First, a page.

Chris Sims takes a look at the 90’s

If you’re interested in the “Know Thy History” series and comic history in general, Chris Sims at Comics Alliance just put an great answer to the question, “What’s up with the 90’s?” The 90’s had gotten a reputation these days of being an era where terrible comics were published. That assessment is not incorrect. However, Sims puts that idea into context, showing the framework that brought forth some of the most positive movements in comics: the independent, creator-owned movement, the trend to re-contextualize old characters in a modern light, and the influence of the black and white movement of the 80’s.

Readers of this site know that I kinda like Rob Liefeld. Sims takes a similar stance: the art may not be great, but the rise of Liefeld as a prominent creator was actually a consequence of many positive movements in the comic world… not the least of which were the Teenage Mutant Ninja Turtles:

As I understand it, TMNT was originally the product of Eastman and Laird making fun of all the goofy stuff that was popular in comics at the time — teenage mutants in X-Men and ninjas in Daredevil — and man. Watching their joke about what it took to be popular in mainstream comics grow to become an omnipresent multinational mass-media powerhouse that eclipsed the stuff it was parodying, and spawned its own legion of imitators? That had to be pretty weird.

But weird or not, it was a huge deal. Within five years, Eastman and Laird had achieved commercial success on a level that the creators they grew up idolizing never had, and they did it with a property they owned. They weren’t just making some massive corporation rich off their work (though they were definitely doing that), they were making themselves rich with it, too.

Can you imagine being a young creator coming up in the late ’80s, knowing you want to work in comics and suddenly seeing these two dudes making millions off a comic they created with no publisher, no editors and no company? Seeing two guys who owned their creation after hearing horror stories about Bill Finger, who died in 1974 without ever getting to put his name on Batman, a character he co-created? Can you imagine what an influence that would have on how you’d decide to pursue your career?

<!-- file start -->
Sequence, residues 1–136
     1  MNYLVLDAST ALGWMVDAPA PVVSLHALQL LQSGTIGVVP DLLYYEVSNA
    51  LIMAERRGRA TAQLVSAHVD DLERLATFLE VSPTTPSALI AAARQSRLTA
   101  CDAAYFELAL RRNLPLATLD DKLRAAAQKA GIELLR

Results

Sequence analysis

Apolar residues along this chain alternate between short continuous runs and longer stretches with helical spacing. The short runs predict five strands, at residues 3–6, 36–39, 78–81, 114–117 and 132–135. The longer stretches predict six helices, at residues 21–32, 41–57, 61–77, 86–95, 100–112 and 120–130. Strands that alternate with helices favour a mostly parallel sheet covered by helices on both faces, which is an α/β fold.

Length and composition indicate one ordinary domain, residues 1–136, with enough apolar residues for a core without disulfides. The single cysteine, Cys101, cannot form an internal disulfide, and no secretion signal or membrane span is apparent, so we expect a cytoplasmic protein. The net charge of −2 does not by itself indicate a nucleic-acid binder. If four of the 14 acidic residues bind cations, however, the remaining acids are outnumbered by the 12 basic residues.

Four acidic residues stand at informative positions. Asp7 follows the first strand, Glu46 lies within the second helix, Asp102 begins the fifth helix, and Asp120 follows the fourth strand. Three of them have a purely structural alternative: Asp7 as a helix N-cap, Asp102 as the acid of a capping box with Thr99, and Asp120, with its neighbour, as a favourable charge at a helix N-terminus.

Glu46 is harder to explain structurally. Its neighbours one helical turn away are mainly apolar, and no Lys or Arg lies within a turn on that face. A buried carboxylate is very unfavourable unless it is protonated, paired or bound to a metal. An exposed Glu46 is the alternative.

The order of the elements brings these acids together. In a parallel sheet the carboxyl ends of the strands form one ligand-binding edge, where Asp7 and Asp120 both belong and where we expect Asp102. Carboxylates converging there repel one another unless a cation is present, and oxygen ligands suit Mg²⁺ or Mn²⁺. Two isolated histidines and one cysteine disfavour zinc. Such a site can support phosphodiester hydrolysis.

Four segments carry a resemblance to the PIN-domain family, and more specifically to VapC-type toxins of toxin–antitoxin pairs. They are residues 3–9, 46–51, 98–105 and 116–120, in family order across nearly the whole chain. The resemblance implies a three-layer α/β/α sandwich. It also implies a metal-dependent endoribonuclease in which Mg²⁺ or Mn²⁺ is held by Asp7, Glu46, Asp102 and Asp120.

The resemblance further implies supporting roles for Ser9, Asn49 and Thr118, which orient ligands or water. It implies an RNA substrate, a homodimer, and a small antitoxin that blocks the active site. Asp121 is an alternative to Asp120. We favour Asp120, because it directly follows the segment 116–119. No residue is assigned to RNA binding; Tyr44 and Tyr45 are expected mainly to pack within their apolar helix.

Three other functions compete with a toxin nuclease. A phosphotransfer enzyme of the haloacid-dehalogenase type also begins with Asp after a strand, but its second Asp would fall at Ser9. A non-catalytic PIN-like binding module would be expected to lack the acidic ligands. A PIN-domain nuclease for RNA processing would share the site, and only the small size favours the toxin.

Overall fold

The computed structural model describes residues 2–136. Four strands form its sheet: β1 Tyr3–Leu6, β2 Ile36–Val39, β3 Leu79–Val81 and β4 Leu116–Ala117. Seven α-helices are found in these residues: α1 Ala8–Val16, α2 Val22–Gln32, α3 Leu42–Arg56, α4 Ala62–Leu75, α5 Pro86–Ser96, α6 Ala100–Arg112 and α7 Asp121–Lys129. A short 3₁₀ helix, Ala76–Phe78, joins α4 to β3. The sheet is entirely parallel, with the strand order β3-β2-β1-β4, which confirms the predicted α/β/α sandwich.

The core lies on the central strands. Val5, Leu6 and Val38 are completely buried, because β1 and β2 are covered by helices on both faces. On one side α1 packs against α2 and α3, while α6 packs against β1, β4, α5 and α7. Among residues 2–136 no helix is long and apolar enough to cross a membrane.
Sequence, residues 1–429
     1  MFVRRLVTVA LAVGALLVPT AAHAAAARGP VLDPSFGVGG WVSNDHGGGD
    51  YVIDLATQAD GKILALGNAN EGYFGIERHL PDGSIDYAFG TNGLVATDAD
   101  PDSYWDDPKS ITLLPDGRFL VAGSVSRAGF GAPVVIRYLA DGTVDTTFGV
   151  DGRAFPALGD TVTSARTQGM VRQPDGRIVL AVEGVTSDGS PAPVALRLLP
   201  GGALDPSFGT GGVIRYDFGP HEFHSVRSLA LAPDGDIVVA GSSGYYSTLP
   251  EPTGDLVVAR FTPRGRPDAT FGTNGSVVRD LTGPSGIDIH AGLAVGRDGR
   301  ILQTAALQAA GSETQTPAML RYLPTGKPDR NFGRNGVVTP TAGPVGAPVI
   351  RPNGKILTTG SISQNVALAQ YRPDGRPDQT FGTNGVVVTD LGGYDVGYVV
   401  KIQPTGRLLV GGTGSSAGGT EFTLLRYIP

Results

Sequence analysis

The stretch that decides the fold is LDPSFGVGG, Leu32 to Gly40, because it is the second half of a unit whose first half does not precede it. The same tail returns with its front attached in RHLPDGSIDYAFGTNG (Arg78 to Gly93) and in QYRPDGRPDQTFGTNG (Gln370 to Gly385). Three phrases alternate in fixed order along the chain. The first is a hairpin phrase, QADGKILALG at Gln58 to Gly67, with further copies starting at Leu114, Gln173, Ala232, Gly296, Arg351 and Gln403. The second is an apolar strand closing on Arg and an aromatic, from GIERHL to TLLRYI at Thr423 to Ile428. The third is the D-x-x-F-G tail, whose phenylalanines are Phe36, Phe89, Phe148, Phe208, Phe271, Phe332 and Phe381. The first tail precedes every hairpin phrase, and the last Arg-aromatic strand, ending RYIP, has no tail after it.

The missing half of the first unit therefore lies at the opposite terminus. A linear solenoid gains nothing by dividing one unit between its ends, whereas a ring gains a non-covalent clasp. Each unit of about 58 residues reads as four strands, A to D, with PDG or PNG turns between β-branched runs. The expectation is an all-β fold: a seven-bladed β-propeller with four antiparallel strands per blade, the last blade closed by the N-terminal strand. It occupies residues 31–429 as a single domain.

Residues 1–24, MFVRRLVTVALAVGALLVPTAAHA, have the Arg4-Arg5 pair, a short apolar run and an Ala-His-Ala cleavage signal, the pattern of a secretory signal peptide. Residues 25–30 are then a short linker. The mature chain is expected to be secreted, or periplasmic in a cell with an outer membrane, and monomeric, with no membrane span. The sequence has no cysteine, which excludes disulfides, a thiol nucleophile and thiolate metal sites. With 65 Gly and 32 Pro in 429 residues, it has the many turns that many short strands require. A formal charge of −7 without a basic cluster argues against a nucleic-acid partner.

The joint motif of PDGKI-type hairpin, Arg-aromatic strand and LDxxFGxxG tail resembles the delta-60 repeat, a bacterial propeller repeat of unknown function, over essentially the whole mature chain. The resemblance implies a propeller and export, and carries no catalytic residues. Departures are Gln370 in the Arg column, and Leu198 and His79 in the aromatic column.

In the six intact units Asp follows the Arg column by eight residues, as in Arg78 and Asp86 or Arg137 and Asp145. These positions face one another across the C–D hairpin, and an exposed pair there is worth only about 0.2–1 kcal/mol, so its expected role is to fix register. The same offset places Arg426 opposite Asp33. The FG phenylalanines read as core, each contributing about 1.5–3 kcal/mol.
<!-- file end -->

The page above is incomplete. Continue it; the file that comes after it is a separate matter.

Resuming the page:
TMNT was one of the comics I’d considered covering for Know Thy History, mainly because it was a hugely influential comic whose rise I got to witness in my own lifetime. I may still write that piece. Sims’ analysis, though, is pretty spot on, and a great look at why the 90’s comic culture are more than just the mocking shorthand that internet memes make it out to be.


Posted on July 27, 2012, in comics. Bookmark the permalink. 3 Comments.

  1. Please DO write that article about TMNT some day. I’m one of those guys who, as a kid, jumped on the Turtle wagon when the cartoon was made, and the comics were always elusive and out of my reach. But I’ve always wanted to know more about the pre-animated TMNT.

  2. It’s funny, but not being into superhero comics at the time, most of the vitriol which was later spit about the nineties was completely lost on me. It was an absolute golden age for alternative comics (particularly the former half). Which, looking back on it, may have had something to do with the fact that mainstream comics had begun pandering almost exclusively to pubescent suburbanites and indifferent collectors.

    From my perspective – even back then, no less – it seemed the sharp rise in popularity and exposure of alternative comics was not at all proportional to how long the scene had been operating on a serious commercial level. I mean, a lot of the big names (Bagge, Los Bros Hernandez, Sakai, etc.) were publishing works in the eighties that were only a notch or two above zines as far as output and print quality went. Yet the nineties saw a lot of these works getting roughly equal mindshare from shop owners, creators, and so on. It appeared that the underground movement owed a majority of its increased exposure to growing fatigue with the mainstream press of the time.

    But the long and short of it is – for me, at any rate – the nineties were a time of very fond nostalgia (and virtually unparalleled creative output), not the cesspit of cynicism it apparently was for many others.

  3. The first thing that jumped out at me about TMNT when I first discovered the comic was the title. It’s such a household brand today that people forget what a wild title that was in the late 80’s. Right off the bat you knew it was something different because the big publishers would’ve never put out anything with a name like that. It sounded like a punk band. I was actually very surprised when it became a kid-friendly property because it’s roots seemed so edgy (at least to me at the time)

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